Loans come in two types – conforming and non-conforming. In order to fully understand the difference, you first must know a little bit about Fannie Mae and Freddie Mac.
Freddie Mac, also known as Federal Home Loan Mortgage Corporation, is a corporation chartered by the federal government. It purchases conventional mortgages from insured depository institutions and HUD-approved mortgage bankers. Freddie Mac also has products designed for those who might have a bit of problem getting a conventional mortgage, such as police officers or teachers.
Fannie Mae, or Federal National Mortgage Association, is a corporation also created by the federal government that buys and sells conventional mortgages as well as VA loans and FHA loans. VA stands for Veterans Administration and provides affordable loans for veterans and members of the military. FHA stands for the Federal Housing Administration. Those with not the best credit scores or who only have a small down payment usually obtain FHA-insured mortgages. Fannie Mae is very active. It provides funds for one in seven mortgages. It works to make mortgages more available and more affordable.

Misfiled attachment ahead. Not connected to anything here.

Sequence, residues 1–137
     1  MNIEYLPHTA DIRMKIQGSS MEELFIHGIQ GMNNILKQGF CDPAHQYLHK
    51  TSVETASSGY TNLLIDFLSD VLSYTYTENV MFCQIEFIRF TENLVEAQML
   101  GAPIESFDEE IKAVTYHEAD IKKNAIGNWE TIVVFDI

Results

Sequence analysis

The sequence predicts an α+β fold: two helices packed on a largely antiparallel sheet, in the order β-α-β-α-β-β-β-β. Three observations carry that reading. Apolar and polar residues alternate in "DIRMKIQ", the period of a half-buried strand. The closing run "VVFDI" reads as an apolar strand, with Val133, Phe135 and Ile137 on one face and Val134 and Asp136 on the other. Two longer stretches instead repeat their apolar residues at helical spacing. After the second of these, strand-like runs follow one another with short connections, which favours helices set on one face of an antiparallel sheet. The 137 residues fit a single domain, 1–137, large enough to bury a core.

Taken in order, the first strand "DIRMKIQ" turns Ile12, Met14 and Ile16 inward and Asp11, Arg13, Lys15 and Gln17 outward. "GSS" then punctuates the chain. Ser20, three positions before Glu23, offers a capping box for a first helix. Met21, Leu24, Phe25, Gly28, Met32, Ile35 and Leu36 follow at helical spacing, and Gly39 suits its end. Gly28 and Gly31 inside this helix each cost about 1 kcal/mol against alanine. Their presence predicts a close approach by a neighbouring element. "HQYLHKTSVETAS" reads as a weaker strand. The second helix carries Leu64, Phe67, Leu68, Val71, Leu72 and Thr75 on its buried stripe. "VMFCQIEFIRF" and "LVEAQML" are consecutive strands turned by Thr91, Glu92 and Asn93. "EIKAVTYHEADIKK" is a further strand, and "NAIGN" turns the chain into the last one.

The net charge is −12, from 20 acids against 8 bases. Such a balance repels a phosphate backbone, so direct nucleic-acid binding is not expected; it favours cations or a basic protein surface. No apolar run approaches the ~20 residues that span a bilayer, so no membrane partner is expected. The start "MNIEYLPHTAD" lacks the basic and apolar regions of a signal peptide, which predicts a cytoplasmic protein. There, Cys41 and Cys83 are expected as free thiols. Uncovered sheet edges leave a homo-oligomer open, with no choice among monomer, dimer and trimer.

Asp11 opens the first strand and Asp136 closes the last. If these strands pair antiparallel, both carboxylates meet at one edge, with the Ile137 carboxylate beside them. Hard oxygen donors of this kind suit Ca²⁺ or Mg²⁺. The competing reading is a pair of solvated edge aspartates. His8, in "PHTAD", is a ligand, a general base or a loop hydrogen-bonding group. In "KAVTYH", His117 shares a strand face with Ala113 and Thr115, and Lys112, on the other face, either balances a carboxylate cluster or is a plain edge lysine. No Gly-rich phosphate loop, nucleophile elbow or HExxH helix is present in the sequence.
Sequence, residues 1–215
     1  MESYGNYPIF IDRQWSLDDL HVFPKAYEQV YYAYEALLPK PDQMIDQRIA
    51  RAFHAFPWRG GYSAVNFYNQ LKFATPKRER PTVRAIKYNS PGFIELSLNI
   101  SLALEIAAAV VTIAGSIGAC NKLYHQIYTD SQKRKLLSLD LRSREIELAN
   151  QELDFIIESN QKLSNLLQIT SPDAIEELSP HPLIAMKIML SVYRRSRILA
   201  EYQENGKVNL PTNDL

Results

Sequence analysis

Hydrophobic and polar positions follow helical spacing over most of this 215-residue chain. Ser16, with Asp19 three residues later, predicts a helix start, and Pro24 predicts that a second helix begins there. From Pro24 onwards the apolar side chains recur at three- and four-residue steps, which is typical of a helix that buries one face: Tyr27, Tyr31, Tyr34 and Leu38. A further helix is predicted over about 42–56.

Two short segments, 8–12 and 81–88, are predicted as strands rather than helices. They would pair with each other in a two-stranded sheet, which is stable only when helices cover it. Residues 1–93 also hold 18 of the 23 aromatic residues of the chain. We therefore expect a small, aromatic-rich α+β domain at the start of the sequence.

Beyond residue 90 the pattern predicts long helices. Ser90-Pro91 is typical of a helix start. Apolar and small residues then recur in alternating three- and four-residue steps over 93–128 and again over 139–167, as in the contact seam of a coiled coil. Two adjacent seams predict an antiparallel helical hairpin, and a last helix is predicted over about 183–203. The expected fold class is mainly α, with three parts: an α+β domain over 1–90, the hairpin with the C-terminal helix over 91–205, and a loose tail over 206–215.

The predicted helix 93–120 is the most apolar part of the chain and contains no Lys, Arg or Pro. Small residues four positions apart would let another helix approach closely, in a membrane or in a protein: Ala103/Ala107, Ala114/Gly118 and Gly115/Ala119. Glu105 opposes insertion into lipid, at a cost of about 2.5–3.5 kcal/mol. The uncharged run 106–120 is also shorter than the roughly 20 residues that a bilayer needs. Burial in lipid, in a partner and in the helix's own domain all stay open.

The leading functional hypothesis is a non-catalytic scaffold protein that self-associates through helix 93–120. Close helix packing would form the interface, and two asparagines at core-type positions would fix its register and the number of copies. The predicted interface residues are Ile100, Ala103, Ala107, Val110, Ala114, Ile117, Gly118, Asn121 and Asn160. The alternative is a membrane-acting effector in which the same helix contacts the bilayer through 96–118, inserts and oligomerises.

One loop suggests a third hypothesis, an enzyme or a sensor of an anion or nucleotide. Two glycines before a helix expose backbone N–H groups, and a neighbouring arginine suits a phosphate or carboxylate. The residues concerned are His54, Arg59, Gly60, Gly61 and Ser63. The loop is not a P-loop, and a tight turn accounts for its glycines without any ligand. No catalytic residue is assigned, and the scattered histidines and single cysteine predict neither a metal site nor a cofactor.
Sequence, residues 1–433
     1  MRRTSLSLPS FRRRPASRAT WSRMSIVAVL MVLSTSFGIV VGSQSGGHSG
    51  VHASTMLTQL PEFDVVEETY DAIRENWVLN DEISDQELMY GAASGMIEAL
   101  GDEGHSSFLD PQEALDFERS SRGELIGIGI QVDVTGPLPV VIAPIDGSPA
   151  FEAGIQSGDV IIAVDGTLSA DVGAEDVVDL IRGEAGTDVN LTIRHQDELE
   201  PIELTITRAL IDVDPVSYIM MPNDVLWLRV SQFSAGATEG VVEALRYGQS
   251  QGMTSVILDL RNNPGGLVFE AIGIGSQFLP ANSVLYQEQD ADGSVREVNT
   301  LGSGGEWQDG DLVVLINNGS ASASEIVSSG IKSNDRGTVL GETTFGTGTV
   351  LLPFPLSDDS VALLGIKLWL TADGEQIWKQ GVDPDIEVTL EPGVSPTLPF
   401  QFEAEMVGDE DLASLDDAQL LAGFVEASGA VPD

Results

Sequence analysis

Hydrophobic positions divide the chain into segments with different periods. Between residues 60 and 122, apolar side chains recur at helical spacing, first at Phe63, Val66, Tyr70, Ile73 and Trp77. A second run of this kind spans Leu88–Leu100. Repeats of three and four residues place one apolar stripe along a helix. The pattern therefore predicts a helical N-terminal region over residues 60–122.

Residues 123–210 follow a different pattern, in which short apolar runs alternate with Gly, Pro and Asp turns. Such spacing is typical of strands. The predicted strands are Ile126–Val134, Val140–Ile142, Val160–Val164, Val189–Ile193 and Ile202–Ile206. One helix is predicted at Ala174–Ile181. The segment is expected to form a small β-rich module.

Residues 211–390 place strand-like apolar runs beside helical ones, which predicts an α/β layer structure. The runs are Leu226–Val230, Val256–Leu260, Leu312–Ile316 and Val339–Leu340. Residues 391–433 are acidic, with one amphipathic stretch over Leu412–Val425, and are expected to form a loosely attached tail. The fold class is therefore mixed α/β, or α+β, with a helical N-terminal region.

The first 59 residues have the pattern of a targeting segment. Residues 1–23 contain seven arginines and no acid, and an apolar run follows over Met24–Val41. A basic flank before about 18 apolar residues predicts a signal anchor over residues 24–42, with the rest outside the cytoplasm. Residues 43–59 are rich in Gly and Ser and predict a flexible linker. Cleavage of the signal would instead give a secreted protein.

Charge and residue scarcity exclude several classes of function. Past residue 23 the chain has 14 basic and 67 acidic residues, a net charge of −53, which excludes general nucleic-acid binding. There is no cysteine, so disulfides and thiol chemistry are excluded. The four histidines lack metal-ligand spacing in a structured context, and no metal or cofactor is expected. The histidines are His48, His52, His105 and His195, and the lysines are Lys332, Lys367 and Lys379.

Fannie Mae and Freddie Mac are very influential in the mortgage industry due to their great size and their relationship with the federal government. They set the standard for conforming loans. A conforming loan meets the terms and conditions that are determined by Fannie Mae and Freddie Mac. These terms and conditions include the maximum loan amount, the requirements for the borrower to qualify for the loan and what are considered suitable properties for mortgages. By looking at the average change in home price each year, Fannie Mae and Freddie Mac set the loan limit. Loans that fall within these parameters are conforming loans.
Non-conforming loans are above the loan limit set by Fannie Mae and Freddie Mac. The disadvantage of a non-conforming loan is that is has a higher interest rate than a conforming loan since it is above that limit. These non-conforming loans are also known as jumbo loans.
For more information on conforming loans, please read our Smart Borrower article Conforming Loans.